Pete DelNero, PhD, MPH
Pete DelNero is an engineer with the Implementation Science Team in the Office of the Director in the Division of Cancer Control and Population Sciences (DCCPS) at the National Cancer Institute (NCI). As a postdoc, Pete's research involves implementation science, community engagement, and biomedical research.
Previously, Pete helped establish a partnership to connect biomedical scientists with cancer patients and survivors. The program created a special community, where participants exchanged ideas, experiences, and perspectives. Together, they developed a more expansive understanding of cancer. The partnership deeply influenced Pete's formation; his attachment to cancer prevention is partly motivated by these relationships.
In the lab, Pete studied the connection between blood vessels and cancer metabolism. He developed "tumor-on-a-chip" devices to simulate nutrient transport and cell energy status. His research contributed new strategies to predict whether patients are likely to benefit from drugs that target metabolic pathways.
Pete completed a bachelor’s in chemical engineering at Vanderbilt, master’s in public health at Harvard, and PhD in biomedical engineering at Cornell.
- DelNero P, Hopkins B, Cantley L, Fischbach C. Cancer metabolism gets physical. Science Translational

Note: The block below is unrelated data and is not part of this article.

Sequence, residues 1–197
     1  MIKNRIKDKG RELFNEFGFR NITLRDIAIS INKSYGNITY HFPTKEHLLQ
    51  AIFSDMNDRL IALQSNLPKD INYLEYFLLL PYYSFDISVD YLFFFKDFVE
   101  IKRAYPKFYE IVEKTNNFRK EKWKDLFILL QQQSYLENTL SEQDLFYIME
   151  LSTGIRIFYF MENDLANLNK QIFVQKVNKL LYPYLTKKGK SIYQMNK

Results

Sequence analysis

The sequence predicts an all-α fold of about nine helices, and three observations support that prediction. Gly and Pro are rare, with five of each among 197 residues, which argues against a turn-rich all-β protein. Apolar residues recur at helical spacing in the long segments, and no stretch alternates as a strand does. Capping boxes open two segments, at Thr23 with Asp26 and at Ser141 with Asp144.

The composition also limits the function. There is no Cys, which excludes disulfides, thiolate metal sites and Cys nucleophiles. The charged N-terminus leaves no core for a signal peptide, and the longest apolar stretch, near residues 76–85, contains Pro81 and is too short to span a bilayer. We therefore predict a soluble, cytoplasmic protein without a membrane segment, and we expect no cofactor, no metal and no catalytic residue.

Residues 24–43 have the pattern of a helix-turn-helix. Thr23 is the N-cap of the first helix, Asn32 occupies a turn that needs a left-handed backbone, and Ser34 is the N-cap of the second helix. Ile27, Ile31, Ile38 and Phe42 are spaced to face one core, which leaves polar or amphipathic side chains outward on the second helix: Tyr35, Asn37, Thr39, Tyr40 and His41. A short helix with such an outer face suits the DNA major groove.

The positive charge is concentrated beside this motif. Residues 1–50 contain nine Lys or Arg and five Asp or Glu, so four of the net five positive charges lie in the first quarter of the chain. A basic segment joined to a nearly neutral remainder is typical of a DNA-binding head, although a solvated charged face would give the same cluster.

Medicine 2018; 10 (442): eaaq1011.
- DelNero P, McGregor A. From patients to partners. Science 2017; 258 (6361): 414.
- DelNero P, Lane M, Verbridge S, Kwee B, Kermani P, Hempstead B, Stroock A, Fischbach C. 3D culture broadly regulates tumor cell hypoxia response and angiogenesis via pro-inflammatory pathways. Biomaterials 2015; 55: 110-118.
- Seo BR, DelNero P, Fischbach C. In vitro models of tumor vessels and matrix: engineering approaches to investigate transport limitations and drug delivery in cancer. Advanced Drug Delivery Reviews 2014; 69: 205-216.
- Morgan J, DelNero P, Zheng Y, Verbridge S, Chen J, Craven M, Choi NW, Diaz-Santana A, Kermani P, Hempstead B, Lopez JA, Corso TN, Fischbach-Teschl C, Stroock A. Formation of microvascular networks in vitro. Nature Protocols 2013; 8 (9): 1820.